Eric Weiss: Shoot Roads/Rails pal Joan Morris a line and she'll forward it to the right person:
Downtown, D.C.: Good morning.
I'm a longtime lurker with a quick question. I often hear people complain that Metro rail car's design force short people to stand near the door because of the poles, and they can't reach the ceiling rail. I'm only 5 foot 3, and I move to the center of the car and hold on the the rail on the back of the seats. What's up with the reasoning that short people are being left out rail car design configuration?? I've never once had a problem.
Lena Sun: Dear Downtown: You must have good karma or something. Lots of others are not as fortunate because when they get on, the cars are crowded and they can't squeeze their way down the aisles to hold on.
Germantown, Md.: Has Metro provided a figure of how much money is being saved by using 4-car trains on weekends? Two weekends in a row have been terrible, especially with delays making trains on the Red line about 20 minutes apart, adding to the crowds. I saw two separate elderly riders fall, just trying to get up and out of the train. And people were being polite and trying to help and make room, not block the doors, etc. I came in from Shady Grove and it was already standing room at that point. I was just wondering what we saved by our suffering?
Lena Sun: Hi Germantown. Metro officials say they estimate savings of about $1 million. But I understand there have many problems associated with crowding on the weekends. Could you email me directly with the specific details of what you witnessed regarding those falls? My email is SUNL@washpost.com. Thanks.
Kennebunkport, Maine:1. Combating climate change will require massive changes in the way we get around. Take the train, bus or metro. Get out of your cars. If you are traveling less than 500 miles, don't fly.
2. If you are driving, you should try to travels at speed between 50-55 mph. I done the experiments myself and these speeds will give you maximum mpg. The differences are not trivial.
3. Would someone fix the North-South Station gap in AMTRAK service so that I travel to points south of Boston without getting off the train, and hailing a cab to go a mere 1 mile.
Eric Weiss: Gotta agree that city-to-city rail service is a national scandal. Overpriced, undersubsidized and poorly managed. And the Northeast Corridor is the best of the bunch.
I'm not familiar with the situation in Boston, but it sounds like typical Amtrak customer service.
P.S. I recently had an overpriced/underwhelming lobster in Kennebunkport...
Washington, D.C.: If I'm going somewhere new, I use Metro's Rideguide to determine how to get there (I do not own a car). It's a great idea and usually good in execution (though why given the unreliability of the bus system it won't list all buses from the submitted address that will get you there -- e.g., Buses H2, L2 also go to your destination -- is beyond me). But my big frustration is that at so many bus stops, there is no indication of which destination buses are going to. So how do I know which side of the street is, say, the 52 bus headed toward Takoma Park and which side is the 52 going to L'Enfant. I can try to discern this ahead of time from the bus route, but that's not always easy. And if I'm unfamiliar with the area it's even more difficult. This also reminds me that many bus stops don't have route maps or schedule timetables (even when there is plenty of room to put them up). I've actually found myself having to run back and forth across the road to check with other bus drivers. I think on the bus stop signs Metro needs to add the destination.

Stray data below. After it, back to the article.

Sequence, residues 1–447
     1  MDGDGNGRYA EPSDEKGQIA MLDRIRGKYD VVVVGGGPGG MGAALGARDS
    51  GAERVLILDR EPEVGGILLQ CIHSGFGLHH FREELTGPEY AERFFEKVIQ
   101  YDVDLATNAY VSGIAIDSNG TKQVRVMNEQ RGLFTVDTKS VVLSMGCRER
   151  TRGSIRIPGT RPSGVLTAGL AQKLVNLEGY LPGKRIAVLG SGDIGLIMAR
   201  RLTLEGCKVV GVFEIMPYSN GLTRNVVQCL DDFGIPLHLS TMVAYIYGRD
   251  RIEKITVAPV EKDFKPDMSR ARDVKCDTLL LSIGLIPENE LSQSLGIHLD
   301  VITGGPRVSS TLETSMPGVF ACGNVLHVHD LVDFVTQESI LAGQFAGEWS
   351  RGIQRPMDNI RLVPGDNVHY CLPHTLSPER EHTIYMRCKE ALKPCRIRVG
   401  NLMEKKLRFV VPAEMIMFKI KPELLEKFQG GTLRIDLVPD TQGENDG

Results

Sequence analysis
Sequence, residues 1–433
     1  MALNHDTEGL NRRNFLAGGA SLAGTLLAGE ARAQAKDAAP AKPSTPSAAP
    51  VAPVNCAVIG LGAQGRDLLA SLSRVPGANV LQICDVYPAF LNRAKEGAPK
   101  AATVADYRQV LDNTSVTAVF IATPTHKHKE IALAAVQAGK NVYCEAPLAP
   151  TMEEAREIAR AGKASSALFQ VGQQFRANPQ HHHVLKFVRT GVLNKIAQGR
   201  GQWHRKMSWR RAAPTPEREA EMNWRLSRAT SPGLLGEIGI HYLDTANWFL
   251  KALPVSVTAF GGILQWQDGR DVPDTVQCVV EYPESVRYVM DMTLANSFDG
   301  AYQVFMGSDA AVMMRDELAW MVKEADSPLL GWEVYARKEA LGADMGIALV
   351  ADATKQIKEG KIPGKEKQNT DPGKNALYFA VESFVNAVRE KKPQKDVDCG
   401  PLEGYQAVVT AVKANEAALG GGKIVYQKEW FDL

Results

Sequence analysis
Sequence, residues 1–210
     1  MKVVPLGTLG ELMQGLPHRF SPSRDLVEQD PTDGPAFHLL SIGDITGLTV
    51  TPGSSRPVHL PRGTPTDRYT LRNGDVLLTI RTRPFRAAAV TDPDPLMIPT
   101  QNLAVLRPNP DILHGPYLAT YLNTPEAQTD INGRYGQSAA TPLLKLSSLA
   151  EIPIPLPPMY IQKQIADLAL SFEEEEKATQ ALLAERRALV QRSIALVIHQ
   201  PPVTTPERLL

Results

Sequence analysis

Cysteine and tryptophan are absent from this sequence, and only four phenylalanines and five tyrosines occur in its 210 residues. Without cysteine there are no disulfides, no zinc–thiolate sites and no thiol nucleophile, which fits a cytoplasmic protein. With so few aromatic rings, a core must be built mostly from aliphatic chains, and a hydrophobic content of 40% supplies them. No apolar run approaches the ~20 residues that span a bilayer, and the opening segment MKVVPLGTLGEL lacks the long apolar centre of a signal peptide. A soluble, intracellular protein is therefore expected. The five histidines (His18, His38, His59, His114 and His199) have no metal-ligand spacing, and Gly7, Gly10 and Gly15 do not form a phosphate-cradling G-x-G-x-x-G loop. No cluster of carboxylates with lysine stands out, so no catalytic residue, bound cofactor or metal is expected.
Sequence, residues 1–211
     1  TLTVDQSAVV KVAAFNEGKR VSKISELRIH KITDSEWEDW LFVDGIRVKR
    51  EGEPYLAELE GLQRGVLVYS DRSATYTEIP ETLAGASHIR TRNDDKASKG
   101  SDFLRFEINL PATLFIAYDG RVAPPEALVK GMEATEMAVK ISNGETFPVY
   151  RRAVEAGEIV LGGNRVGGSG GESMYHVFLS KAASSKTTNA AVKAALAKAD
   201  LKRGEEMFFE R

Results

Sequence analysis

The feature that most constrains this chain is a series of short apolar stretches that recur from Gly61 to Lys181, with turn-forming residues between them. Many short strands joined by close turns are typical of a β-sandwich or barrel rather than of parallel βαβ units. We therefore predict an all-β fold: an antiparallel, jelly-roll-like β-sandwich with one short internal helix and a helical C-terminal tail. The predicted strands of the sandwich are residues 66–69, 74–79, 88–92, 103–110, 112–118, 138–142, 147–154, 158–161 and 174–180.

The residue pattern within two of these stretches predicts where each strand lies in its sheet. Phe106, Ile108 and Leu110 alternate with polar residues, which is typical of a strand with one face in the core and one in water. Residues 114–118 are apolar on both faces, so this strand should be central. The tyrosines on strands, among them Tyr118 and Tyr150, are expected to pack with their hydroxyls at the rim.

Lena Sun: You make an excellent point and that seems like something relatively simple that Metro should be able to fix. But I think I have a person you can email. Pls email me directly and I will give it to you.
Bethesda, Md.: I commute on the Jones Bridge Road every morning, and starting this week there has been a huge backup in the right lane at the entry to the Naval Hospital. This never used to happen.
Eric Weiss: Trying to get an answer for you. State Highway officials say Jones Road is a Montgomery road, and I've been playing phone tag with MoCo folks, so I hope to have an answer for you before the end of the chat.
send an e-mail to Metro with complaints about service: The person who complained about the Orange line last week is going to be skeptical probably (and I empathize with everything he/she said) but complaining to Metro gets results! I sent an e-mail on their Web site and was contacted less than a week later with three followups. I was very impressed and it seemed like they were rectifying the problem, which in this case was an incredibly rude to hostile station "manager." So going through the process does work, at least in my experience.
Lena Sun: I know people have had varying results getting results. But one thing for sure, if you send in a complaint, it will get recorded, and they regularly how many complaints are getting logged, what departments (rail versus bus), and what kinds of issues (service v. cleanliness, etc.). So please let them know.
Silver Spring, Md.: The test cars with the benches and single ceiling rail have much less grab-on space than now. Two ceiling rails are going to be needed at a minimum.
Lena Sun: Yes, I noticed that as well when they showed us that car. did you like the bench seating?